To write or not to write, that is the question. In general, writing your own vows will be stressful for anyone who does not frequently put their feelings to paper or has stage fright. If writing your own vows is important to one of you, consider writing them privately, stealing some time away during the reception, and reading them to one another without the audience. A good alternative is to work together to write a set of vows that both of you will use, thus reducing the pressure of having to get it right alone. Otherwise, tell your officiant you’d like to use the traditional vows “to have and to hold, in sickness and in health, etc” and save stress on the whole issue.

Rings:

Typically, the best man carries the bride’s ring, the maid-of-honor carries the groom’s. It may help to store the rings in a secure place until JUST BEFORE the ceremony, so that there is no risk of someone putting them down and losing them during pre-wedding preparations. Alternatively, give them to the officiant to hold. Be sure to try the rings on a few days before the wedding, to make sure they fit (practicing putting them on each other is okay, too!)

It’s a common mistake to budget too much time for your actual ceremony. Weddings that include a traditional religious ceremony such as a mass, can typically last up to an hour. Non-traditional weddings that include just a few readings, a speech by the officiant, vows, and rings, usually fall between 20-40 minutes.

Choosing A Wedding Officiant

The officiant performs the ceremony, and can really help set the mood of the day. Choosing an officiant should be done with care- this third party will play a significant part in one of the most important rituals in your life.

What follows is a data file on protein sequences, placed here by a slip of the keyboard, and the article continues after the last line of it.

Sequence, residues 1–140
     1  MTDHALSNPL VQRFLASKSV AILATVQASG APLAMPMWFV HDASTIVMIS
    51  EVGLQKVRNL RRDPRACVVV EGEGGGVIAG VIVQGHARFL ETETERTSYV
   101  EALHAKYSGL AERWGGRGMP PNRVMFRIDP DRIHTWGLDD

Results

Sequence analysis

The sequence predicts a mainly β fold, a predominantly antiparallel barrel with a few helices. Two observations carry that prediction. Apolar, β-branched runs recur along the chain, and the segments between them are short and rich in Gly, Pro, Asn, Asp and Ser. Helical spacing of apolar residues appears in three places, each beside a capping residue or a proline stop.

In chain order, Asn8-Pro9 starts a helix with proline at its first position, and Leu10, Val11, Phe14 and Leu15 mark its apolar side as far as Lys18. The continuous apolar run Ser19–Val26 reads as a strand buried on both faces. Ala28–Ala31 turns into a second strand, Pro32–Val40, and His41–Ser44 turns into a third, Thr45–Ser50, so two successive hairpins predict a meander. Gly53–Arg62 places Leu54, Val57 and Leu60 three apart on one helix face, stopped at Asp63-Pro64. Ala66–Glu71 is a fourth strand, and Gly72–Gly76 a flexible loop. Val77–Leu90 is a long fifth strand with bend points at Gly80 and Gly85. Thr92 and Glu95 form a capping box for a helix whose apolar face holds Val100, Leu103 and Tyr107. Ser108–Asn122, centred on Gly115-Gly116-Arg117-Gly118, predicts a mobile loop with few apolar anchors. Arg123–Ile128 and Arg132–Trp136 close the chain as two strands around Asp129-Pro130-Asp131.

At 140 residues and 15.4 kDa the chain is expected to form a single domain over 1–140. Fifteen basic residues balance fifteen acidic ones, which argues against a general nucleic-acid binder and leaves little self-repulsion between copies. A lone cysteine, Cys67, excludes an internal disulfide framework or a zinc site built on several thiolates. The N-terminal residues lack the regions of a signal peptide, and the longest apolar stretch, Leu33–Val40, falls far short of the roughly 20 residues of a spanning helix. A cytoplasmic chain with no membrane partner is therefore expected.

Religious Officiants:

Ministers, rabbis, and priests are generally affiliated with a specific place of worship. If you attend religious services regularly, you may have a particular religious official who you would like to have perform the wedding. People who plan to get married in a place of worship may be required to use the services of the local parish officials. In general, religious officials will not perform non-religious services, or may need to obtain permission to do so.

Freelance Officiants:

These professionals are licensed to perform weddings, but are not necessarily affiliated with a particular church or religion. Using a freelance officiants can be a good option for people who want a non-denominational or non-religious ceremony. Freelance officiants are generally more open to customized, unique ceremonies, though some offer traditional religious services as well.

Talking to Your Officiant:

It’s important to sit down and discuss the details of your ceremony with the officiant. At most weddings, the officiant will make a short speech about marriage, commitment, and the couple, and thus will need to spend time getting to know you and learn about your relationship. Having a thorough discussion with your officiant will help him or her provide a more authentic, personal ceremony that really speaks about your relationship, specifically.

Marriage Preparation:

Some officiants offer marriage preparation classes. These are generally not “therapy” classes, where problems are discussed, but instead are meetings where the couple works with the official to define the importance of marriage for themselves, and discuss pertinent topics. This can be very illuminating for some couples, and provide you with a weekly chance to focus on your upcoming marriage, not just the details of the wedding. Classes usually meet once a week for a month or two before the wedding.

Rehearsal:

Be sure your officiant will be available to come to the rehearsal. Their attendance may be included in the fee, or may require an additional payment. It’s customary to invite the officiant to the rehearsal dinner, if one is planned.